Survivors, Family Remember Oklahoma City Bombing

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Hundreds of people gathered at the site of the Oklahoma City bombing Tuesday to honor and remember victims of the attack 16 years ago.

The bombing of the Murrah Federal Building on April 19, 1995 killed 168 men, women and children.

The attack was the country's first experience with terrorism on such a large scale, and remains the worst act of domestic terror on U.S. soil.

President Barack Obama sent his condolences to the families affected by the tragedy, and stressed America's commitment to combatting terrorism.

"We also need to remember the resilience and toughness of the American people and know that our nation's resolve to fight terror and combat violent extremism, in all its forms, will not waver," he said.

"As a nation we should take a moment to recognize the courage and spirit of our fellow citizens, the first responders who rushed to the site to save countless lives, and the people of the nation who stood together to lift up this tight-knit community," Obama added.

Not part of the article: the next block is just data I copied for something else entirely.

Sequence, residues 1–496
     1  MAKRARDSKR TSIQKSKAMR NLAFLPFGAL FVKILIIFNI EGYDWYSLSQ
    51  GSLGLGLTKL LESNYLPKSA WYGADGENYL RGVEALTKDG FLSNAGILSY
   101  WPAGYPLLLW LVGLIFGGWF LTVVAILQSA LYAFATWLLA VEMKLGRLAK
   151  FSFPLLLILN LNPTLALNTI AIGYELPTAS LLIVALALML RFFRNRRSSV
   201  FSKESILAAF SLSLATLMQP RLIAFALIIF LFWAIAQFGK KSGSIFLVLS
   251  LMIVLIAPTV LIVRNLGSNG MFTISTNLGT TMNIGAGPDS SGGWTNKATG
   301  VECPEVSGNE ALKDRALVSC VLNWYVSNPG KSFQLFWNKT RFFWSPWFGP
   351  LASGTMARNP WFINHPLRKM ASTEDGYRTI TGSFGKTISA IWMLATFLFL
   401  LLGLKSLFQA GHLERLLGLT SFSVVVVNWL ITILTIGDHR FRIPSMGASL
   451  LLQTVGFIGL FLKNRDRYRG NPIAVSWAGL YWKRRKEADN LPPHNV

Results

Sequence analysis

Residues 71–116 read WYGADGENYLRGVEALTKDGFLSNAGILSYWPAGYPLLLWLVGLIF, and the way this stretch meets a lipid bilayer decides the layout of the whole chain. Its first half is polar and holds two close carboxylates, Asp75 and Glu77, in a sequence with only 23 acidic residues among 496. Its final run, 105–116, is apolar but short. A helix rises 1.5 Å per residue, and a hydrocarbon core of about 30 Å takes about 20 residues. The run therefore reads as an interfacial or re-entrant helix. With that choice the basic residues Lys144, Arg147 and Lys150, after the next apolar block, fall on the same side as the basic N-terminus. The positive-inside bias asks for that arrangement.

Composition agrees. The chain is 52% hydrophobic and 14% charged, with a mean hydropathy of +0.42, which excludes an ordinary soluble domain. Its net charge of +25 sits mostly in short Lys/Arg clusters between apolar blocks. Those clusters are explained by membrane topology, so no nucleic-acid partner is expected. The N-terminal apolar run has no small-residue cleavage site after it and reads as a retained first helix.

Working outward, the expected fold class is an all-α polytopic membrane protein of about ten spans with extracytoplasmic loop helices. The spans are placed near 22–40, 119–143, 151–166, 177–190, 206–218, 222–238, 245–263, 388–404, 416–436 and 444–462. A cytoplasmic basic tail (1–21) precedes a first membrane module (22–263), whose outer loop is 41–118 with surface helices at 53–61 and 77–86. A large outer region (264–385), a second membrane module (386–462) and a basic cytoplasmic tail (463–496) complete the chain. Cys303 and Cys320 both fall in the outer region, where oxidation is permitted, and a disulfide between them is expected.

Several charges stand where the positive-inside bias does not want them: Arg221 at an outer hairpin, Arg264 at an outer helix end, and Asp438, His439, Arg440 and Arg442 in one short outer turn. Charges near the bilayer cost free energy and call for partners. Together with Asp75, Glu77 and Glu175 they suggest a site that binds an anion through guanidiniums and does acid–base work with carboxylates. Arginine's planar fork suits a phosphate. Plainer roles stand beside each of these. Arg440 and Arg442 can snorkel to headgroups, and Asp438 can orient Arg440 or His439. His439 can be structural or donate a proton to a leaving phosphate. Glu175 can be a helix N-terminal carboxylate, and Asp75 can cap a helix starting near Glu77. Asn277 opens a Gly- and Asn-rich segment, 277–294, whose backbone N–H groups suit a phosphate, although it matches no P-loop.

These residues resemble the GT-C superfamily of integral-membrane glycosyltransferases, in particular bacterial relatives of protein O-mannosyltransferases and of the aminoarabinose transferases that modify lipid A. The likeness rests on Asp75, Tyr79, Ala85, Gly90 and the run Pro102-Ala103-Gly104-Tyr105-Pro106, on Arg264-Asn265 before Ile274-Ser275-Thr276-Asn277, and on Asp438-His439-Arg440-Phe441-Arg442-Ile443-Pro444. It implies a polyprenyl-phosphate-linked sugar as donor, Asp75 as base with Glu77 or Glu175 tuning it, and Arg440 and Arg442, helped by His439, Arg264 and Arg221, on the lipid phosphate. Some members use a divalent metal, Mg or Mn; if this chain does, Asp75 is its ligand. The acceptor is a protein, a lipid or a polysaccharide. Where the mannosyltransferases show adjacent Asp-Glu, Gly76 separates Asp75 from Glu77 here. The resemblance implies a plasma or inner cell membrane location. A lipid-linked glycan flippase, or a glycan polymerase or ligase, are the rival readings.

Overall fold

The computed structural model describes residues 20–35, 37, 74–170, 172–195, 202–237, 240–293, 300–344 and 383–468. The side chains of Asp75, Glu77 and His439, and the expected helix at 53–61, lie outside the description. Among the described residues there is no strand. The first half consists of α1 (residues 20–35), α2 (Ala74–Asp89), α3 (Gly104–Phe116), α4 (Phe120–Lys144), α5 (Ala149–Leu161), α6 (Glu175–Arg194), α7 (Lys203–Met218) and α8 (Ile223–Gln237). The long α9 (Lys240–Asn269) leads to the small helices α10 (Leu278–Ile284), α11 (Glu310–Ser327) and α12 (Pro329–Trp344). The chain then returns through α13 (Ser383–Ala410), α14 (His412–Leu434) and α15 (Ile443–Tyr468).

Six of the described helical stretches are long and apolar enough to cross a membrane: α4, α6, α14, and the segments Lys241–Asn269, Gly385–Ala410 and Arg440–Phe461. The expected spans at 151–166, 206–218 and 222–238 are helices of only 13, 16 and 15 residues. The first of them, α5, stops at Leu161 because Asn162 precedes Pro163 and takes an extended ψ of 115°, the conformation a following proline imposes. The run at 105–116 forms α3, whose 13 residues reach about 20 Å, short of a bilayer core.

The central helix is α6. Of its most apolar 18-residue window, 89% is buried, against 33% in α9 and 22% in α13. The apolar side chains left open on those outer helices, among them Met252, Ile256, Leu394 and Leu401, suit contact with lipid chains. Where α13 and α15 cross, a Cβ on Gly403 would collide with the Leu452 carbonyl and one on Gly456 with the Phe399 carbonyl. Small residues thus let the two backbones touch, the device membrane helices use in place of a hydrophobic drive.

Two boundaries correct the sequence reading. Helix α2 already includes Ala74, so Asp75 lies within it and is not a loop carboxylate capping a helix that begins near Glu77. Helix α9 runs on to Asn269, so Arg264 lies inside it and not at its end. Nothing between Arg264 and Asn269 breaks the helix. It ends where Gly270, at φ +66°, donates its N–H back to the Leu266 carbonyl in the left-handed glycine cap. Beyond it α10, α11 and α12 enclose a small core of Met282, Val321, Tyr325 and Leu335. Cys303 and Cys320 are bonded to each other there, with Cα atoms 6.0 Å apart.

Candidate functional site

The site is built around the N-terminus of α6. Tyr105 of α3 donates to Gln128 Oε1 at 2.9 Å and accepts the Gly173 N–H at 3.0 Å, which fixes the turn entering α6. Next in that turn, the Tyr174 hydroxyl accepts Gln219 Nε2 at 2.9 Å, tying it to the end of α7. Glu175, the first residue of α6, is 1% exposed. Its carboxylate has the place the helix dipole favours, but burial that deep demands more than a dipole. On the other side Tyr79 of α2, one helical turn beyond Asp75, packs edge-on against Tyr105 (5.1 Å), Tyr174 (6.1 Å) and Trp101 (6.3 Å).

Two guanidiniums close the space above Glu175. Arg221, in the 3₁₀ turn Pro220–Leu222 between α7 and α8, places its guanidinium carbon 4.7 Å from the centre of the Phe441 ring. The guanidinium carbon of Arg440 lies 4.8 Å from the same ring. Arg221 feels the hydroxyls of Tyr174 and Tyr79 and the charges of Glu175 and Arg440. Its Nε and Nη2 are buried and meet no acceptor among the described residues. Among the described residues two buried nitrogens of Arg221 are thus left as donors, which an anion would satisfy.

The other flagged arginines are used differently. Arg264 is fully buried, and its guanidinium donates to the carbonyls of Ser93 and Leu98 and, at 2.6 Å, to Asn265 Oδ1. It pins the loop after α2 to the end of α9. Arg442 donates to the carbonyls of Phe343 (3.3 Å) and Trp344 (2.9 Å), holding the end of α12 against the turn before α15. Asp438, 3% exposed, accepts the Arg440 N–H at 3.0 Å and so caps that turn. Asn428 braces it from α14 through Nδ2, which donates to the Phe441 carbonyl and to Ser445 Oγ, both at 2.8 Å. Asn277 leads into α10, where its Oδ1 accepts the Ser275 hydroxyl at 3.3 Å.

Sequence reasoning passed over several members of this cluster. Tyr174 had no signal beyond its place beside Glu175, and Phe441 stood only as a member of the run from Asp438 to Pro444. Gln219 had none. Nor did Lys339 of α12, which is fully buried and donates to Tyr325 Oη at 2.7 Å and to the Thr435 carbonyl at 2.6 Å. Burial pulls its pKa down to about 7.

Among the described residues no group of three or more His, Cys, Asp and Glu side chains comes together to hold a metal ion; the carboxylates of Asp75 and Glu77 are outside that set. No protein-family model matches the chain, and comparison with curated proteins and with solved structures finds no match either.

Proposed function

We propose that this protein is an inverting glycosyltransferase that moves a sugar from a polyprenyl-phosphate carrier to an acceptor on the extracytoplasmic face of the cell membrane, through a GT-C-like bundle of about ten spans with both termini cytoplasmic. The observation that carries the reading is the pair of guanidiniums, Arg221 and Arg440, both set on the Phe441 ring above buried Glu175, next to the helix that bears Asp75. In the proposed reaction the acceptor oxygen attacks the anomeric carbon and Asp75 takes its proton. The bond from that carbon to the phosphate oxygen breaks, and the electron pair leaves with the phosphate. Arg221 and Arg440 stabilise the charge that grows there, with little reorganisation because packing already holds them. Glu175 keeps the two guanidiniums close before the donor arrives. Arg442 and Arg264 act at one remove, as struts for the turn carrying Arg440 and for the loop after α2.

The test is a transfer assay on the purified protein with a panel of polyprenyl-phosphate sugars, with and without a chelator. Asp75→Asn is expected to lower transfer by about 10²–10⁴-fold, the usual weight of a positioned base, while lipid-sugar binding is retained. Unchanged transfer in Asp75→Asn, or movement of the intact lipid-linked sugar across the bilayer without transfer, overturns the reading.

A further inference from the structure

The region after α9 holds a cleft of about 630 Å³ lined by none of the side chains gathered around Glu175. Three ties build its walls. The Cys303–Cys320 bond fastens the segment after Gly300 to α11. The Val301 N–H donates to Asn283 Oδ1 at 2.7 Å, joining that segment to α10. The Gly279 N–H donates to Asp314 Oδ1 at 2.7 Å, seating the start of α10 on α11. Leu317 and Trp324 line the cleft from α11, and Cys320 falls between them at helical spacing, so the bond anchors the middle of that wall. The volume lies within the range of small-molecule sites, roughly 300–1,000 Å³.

A bagpipe procession began at 8:45 a.m. Tuesday at the National Memorial Museum in Oklahoma City. Those who gathered observed a 168-second

moment of silence, starting at 9:02 a.m., the time of the bombing.

"The memorial is a testament to the sacrifices of those killed and injured in the bombing, as well as the rescue workers who worked tirelessly to pull survivors from the rubble," said Oklahoma Gov. Mary Fallin, who was the state's lieutenant governor at the time of the bombing.

"The memorial is a reminder of so many people who stepped forward to help 16 years ago," she added.

About 300 survivors attended the ceremony. Relatives read the names of the victims.

Bomber Timothy McVeigh was convicted on federal murder and conspiracy charges in 1997 and executed in 2001.

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